Welcome to the 2020 Hornets Free Agent Forum where each week I will profile a potential 2020 free agent target for the Charlotte Hornets. Most of the players I’ll highlight will be unrestricted free agents (list here) whose ages and skill sets fit nicely with a young, up-and-coming Hornets roster. Feel free to engage in the comments because what makes free agency so fun to debate is it’s not just about the player, it’s also about roster construction, cap usage, and culture.
Player: Rondae Hollis-Jefferson, SF
Standing reach: 8’8”
2020 stats: 18.7 MPG, 7.0 PPG, 4.7 RPG, 1.8 APG, 0.8 SPG, 47.1% FG, 13.0% 3PT
Estimated market value: $3-$4 million?
Rondae Hollis-Jefferson could represent one of the biggest bargains in the 2020 free agency period. After being drafted No. 23 in 2015 he spent his first four seasons with the Brooklyn Nets who declined to extend him a qualifying offer in 2019. He then signed a one-year, $2.5 million deal with the Toronto Raptors this past season and is now an unrestricted free agent.
While I can’t find a credible estimate of his 2020 market value, I’d suspect it’s probably similar to the deal he signed just a year ago, so I’m assuming somewhere between $3-$4 million. At that salary I’d love to see the former Arizona Wildcat come to Charlotte. Remember, with free agency it’s not just about how “good” a player is, it’s about how much he can outperform his salary cap figure. At somewhere below $4 million per season, RHJ can do just that.
Hollis-Jefferson isn’t a star. He isn’t a difference maker. He won’t singlehandedly push the Hornets into the playoffs. But basketball is a team game, and RHJ could be a valuable cog in Charlotte’s wheel.
First, he’s a solid, versatile wing defender capable of guarding multiple positions. His Defensive Real Plus-Minus of 0.68 this past season ranked 19th among small forwards (min. 500 minutes played). In 2018-19 his DRPM of 1.46 ranked ninth among small forwards was 32nd in the entire league (min. 800 minutes played).
But it’s Hollis-Jefferson’s ability to guard multiple positions that makes him a unique defensive asset. When the NBA suspended the season in March 2020, here’s how often he had guarded each position:
- 18% point guards
- 24% shooting guards
- 19% small forwards
- 21% power forwards
- 18% centers
That’s remarkable. The Athletic summed it up this way: “He has spent no less than 17.7 percent of his minutes guarding any single position. By this measure, he has quite literally been the most versatile defender in the league, ahead of OG Anunoby, James Harden and Ben Simmons.” RHJ can guard multiple positions and defend them well. His defensive versatility and effectiveness is rare in the NBA, especially for a 25-year-old unrestricted free agent.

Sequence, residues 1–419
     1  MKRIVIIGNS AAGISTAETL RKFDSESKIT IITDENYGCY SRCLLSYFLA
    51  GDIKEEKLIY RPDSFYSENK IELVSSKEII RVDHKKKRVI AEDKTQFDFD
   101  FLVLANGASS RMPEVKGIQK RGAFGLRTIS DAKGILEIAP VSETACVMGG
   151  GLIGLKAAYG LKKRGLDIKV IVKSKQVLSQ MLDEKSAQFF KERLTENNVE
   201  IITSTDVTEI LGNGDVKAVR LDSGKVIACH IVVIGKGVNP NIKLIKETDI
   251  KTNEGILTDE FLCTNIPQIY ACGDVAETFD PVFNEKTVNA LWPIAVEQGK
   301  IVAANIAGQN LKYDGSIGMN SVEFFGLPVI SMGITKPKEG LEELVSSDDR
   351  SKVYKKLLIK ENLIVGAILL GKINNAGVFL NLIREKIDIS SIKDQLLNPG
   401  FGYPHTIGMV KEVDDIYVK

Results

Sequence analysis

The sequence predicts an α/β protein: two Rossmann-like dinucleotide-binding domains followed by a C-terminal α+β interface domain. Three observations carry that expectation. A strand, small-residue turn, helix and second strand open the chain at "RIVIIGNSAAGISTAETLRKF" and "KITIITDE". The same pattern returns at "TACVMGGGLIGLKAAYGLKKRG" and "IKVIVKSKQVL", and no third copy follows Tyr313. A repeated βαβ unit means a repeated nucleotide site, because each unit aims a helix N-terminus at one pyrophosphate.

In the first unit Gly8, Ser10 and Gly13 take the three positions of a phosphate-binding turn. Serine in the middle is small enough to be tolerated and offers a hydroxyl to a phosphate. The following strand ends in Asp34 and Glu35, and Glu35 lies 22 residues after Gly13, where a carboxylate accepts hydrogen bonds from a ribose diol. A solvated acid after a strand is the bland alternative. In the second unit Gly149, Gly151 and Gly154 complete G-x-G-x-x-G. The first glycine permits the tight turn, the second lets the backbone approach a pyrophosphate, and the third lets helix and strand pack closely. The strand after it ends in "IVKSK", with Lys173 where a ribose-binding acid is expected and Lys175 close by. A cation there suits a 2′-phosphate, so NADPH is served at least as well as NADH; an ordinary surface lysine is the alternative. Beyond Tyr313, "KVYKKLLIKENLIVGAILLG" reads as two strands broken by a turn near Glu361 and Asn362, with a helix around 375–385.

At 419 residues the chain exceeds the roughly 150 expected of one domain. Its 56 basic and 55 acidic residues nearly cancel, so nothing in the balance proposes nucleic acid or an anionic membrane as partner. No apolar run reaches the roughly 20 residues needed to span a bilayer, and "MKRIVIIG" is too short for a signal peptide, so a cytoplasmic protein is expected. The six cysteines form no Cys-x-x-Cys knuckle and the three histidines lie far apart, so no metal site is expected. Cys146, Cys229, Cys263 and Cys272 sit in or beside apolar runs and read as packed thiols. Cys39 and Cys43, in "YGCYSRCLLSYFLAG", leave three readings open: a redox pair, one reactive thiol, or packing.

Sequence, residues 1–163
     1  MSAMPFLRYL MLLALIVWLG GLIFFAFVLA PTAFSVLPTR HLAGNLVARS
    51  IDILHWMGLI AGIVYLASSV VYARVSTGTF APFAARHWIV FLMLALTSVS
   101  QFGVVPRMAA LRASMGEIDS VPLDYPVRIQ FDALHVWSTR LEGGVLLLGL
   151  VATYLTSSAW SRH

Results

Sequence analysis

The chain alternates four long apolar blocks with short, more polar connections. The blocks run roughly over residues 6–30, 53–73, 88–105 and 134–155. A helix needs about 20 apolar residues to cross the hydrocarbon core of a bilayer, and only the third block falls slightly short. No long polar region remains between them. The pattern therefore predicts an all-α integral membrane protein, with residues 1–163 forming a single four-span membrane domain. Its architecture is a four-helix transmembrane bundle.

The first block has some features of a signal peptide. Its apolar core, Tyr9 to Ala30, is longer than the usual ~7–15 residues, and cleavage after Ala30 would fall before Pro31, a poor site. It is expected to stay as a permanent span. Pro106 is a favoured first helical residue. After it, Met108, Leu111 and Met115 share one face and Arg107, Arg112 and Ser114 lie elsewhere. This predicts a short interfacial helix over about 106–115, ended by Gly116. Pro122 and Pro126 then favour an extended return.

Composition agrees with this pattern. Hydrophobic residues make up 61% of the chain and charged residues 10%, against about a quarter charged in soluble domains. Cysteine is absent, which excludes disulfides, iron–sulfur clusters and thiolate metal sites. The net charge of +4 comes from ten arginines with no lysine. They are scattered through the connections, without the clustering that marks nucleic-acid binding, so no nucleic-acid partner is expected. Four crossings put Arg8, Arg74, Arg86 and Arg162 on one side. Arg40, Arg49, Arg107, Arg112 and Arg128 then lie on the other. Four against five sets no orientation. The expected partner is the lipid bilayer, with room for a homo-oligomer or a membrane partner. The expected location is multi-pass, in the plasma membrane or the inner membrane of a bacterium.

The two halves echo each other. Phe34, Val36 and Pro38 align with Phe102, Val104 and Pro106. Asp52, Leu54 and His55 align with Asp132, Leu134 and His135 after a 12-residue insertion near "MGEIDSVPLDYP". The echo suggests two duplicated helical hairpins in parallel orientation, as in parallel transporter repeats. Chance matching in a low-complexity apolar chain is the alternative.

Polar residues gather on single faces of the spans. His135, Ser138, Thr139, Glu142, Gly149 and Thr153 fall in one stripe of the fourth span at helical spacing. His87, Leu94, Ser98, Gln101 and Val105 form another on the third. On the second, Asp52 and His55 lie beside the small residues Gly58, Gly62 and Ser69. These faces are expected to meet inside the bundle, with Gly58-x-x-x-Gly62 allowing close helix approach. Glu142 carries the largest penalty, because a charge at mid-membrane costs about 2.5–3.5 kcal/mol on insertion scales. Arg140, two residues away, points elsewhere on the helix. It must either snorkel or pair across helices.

He’s also a good rebounder for a small forward. Throughout his five-year career he has averaged 5.6 rebounds in 22.6 minutes per game. His per-36 minute average is 9.0 rebounds per game.
RHJ’s teams have made the playoffs in each of the last two seasons, too. Despite his relative youth he has at least some experience contributing to teams that survive the grind of the regular season and qualify for the postseason. Few Hornets players have that postseason pedigree.
The red flags
Let’s be clear on one thing: Hollis-Jefferson is a terrible three-point shooter and he’s somehow getting worse. For his career he is only hitting 21.3% of his three-point attempts, but over the last two seasons his average has dropped to 18.4% in 2018-19 then cratered to a career low 13.0% this past year. He won’t stretch the floor, which is a major liability in today’s NBA.
Despite the lack of three-point shooting, RHJ is a “good enough” scorer. He’s not going to win games by dropping 30 points on a regular basis, but he’s not going to hurt an offense like Michael Kidd-Gilchrist, for example. He has averaged 9.3 points per game on about 45% shooting throughout his career. In 2017-18 he averaged a respectable 13.9 points per game on 47.2% shooting. When put in the right situation, he can find his way offensively.
I could see RHJ being a strong rotational player for the Hornets, essentially filling the same role in Charlotte as he has in Brooklyn and Toronto by playing about 20 minutes per night off the bench. In addition to his solid, versatile defense he could also chip in 10 points and five or six rebounds on a pretty regular basis. He could also end up playing some crunch time minutes to guard an opposing team’s best wing player.
At a likely salary of less than $4 million per year, I don’t see how the Hornets could lose by signing RHJ, a young, proven commodity who can make a defensive impact every time he steps on the floor. At that salary figure, Rondae Hollis-Jefferson would be an excellent signing.
If you were the Hornets GM, would you sign Rondae Hollis-Jefferson to a contract averaging around $4 million per year?
This poll is closed